Quotas to boost women in Gulf boardrooms won’t work, says Saidi

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HELD BACK: Women occupy just 1.5 percent of the Gulf’s 4,254 board seats (Getty Images)

HELD BACK: Women occupy just 1.5 percent of the Gulf’s 4,254 board seats (Getty Images)

Using quotas to force Gulf companies to fill a percentage of their board seats with women will not solve the region’s gender imbalance, Dr Nasser Saidi said.

Despite women occupying only 1.5 percent of the Gulf’s 4,254 board seats, using quota policies similar to those seen under Emiratisation to push up numbers would fail, Saidi said.

“Quotas should not be thought of as major instruments. They deal with the symptoms, but they do not deal with the causes. I think it’s more important that we deal with the causes, rather than the symptoms,” Saidi, chief economist Dubai International Financial Authority, told Arabian Business.

“Quotas are not the right way to go about promoting diversification.”

According to Amer Halawi, head of research for Shuaa Capital, only 63 of board seats across 582 Gulf companies are filled by women, a ratio surpassed only by Japan and Italy.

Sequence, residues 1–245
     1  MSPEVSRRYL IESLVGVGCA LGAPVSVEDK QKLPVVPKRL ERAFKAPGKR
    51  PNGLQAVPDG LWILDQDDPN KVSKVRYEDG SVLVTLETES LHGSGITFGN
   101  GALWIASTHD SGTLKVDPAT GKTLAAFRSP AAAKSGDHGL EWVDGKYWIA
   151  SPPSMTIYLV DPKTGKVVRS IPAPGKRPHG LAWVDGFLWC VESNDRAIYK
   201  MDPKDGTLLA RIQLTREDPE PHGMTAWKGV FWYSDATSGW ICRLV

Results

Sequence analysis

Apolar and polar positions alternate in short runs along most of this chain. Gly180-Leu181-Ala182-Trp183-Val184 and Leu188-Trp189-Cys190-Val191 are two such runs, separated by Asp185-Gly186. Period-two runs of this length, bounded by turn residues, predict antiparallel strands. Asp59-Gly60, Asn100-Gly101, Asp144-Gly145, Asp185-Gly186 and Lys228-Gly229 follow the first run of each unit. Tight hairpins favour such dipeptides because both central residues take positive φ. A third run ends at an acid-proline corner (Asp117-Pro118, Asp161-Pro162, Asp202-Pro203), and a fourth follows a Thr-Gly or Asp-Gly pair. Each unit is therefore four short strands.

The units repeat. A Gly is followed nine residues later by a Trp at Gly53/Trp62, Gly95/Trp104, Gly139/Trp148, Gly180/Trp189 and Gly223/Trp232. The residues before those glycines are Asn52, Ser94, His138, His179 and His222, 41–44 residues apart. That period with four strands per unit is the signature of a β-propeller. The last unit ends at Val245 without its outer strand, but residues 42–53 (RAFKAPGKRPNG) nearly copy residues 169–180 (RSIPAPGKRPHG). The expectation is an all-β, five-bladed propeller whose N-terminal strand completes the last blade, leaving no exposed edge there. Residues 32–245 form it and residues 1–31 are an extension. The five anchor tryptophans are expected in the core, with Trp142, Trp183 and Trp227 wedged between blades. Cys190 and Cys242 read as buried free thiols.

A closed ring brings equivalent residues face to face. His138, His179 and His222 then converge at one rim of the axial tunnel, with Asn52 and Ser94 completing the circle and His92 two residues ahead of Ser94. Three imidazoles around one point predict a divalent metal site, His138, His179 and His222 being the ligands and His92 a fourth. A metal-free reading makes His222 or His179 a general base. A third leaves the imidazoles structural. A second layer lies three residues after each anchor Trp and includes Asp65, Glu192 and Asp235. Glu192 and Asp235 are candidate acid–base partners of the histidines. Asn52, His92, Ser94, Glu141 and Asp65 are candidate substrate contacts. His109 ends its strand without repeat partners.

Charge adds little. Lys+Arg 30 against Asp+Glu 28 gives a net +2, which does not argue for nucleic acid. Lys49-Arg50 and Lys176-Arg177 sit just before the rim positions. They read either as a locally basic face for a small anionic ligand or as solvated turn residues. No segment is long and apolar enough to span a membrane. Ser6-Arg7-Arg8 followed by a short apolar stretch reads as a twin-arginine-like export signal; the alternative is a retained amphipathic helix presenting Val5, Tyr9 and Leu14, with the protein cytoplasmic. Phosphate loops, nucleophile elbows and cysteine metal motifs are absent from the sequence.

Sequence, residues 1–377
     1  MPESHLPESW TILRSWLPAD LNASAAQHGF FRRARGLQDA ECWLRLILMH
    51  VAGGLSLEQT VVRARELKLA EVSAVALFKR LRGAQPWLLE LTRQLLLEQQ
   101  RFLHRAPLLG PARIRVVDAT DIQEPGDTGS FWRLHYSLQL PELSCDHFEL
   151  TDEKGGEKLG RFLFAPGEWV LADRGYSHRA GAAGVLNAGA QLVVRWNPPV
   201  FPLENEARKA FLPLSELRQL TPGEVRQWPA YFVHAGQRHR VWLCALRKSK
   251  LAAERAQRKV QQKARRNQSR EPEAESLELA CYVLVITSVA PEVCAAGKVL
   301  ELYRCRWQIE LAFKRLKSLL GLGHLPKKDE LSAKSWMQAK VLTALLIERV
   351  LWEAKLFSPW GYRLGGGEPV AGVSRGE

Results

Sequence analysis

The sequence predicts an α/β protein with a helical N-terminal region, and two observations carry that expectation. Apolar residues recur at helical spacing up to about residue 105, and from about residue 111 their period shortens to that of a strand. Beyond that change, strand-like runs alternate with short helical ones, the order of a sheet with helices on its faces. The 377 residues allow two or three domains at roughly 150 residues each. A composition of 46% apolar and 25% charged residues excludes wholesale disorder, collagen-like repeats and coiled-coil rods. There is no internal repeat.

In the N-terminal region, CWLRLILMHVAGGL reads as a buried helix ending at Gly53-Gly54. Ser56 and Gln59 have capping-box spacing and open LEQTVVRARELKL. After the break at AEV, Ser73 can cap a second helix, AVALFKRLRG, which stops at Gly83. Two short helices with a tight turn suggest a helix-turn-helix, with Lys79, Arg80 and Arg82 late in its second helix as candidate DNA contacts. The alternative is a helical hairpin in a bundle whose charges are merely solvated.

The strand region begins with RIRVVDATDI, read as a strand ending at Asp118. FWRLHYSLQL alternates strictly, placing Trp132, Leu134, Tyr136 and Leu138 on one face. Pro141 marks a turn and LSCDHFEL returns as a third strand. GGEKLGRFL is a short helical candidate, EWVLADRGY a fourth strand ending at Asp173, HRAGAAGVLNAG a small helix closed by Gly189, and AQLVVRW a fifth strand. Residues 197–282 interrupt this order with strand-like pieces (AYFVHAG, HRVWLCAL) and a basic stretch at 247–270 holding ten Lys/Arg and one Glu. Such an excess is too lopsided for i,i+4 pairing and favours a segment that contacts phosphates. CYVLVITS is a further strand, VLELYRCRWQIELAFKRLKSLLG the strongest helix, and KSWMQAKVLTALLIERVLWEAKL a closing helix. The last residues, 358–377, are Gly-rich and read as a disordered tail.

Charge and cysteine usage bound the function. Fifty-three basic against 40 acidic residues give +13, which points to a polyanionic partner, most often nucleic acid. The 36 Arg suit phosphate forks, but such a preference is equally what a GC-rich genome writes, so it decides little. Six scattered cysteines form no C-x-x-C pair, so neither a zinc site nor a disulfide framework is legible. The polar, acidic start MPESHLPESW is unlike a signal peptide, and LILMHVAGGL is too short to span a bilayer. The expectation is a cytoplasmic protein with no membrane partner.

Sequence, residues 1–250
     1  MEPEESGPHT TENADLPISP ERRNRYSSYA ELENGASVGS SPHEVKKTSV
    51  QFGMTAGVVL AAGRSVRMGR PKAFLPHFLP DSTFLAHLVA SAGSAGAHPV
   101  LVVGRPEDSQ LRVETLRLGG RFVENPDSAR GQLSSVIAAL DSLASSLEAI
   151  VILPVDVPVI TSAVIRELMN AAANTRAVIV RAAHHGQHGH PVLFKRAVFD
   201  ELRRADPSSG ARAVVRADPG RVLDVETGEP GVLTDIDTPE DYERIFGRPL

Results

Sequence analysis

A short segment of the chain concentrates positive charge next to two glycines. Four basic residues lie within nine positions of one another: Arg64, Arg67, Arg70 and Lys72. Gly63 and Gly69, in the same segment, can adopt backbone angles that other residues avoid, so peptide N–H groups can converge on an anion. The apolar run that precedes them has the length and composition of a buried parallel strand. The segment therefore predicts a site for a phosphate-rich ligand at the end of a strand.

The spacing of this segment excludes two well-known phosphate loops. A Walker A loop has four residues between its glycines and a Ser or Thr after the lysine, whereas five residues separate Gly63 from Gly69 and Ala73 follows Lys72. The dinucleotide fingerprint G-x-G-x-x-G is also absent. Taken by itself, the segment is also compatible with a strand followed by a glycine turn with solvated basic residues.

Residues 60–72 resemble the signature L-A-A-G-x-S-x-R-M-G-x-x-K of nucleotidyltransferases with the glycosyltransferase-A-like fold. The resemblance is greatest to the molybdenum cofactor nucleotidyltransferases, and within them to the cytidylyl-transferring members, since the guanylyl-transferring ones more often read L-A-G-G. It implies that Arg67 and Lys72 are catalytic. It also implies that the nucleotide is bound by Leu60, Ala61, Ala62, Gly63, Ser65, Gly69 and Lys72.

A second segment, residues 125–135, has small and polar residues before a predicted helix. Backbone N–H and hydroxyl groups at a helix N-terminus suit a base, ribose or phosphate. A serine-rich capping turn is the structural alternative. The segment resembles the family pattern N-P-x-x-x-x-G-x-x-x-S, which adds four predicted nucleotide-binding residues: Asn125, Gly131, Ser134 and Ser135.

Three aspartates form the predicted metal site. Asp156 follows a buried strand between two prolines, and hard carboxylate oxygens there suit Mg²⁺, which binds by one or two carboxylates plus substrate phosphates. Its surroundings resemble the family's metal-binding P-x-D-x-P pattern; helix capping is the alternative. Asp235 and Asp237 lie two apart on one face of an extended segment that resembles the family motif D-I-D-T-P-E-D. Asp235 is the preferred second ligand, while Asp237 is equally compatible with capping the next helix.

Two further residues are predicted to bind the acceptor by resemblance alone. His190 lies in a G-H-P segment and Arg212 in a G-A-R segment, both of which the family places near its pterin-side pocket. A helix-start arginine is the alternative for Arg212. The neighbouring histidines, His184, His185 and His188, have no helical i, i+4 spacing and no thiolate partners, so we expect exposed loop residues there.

This is despite women outperforming men in the classroom – according to the World Economic Forum, more Arab women are securing degrees than ever before.

In Saudi Arabia, the Gulf’s wealthiest economy, just one percent of board seats are held by women, marking the worst ratio in the region.

In the UAE, women hold 1.5 percent of the top jobs. In Oman and Kuwait, the best-performing Gulf states, the figure is 2.3 percent and 2.7 percent respectively.

The figures reflect a wasted economic resource, Saidi said, and a business culture that favours sharing top jobs among a small group of participants.

“We need to remove barriers to the participation of women in the labour force. It’s part of the role of the government to create awareness of these issues. Just like in good corporate governance, the tone is set at the top,” he said.

Had boards in the region improved their diversification ahead of the recent financial crisis, many could have fared better, he added.

 “For good governance, boards need to have a large proportion of independent, non executive directors. The last thing you want, as we found out during the crisis, is for the executives themselves to decide what the compensation would be. That leads to disaster.” 

Women in most countries account for less than 15 percent of company directors.

In 2002, Norway introduced a 40 percent quota for women in its boardrooms, a target it has now exceeded.

 

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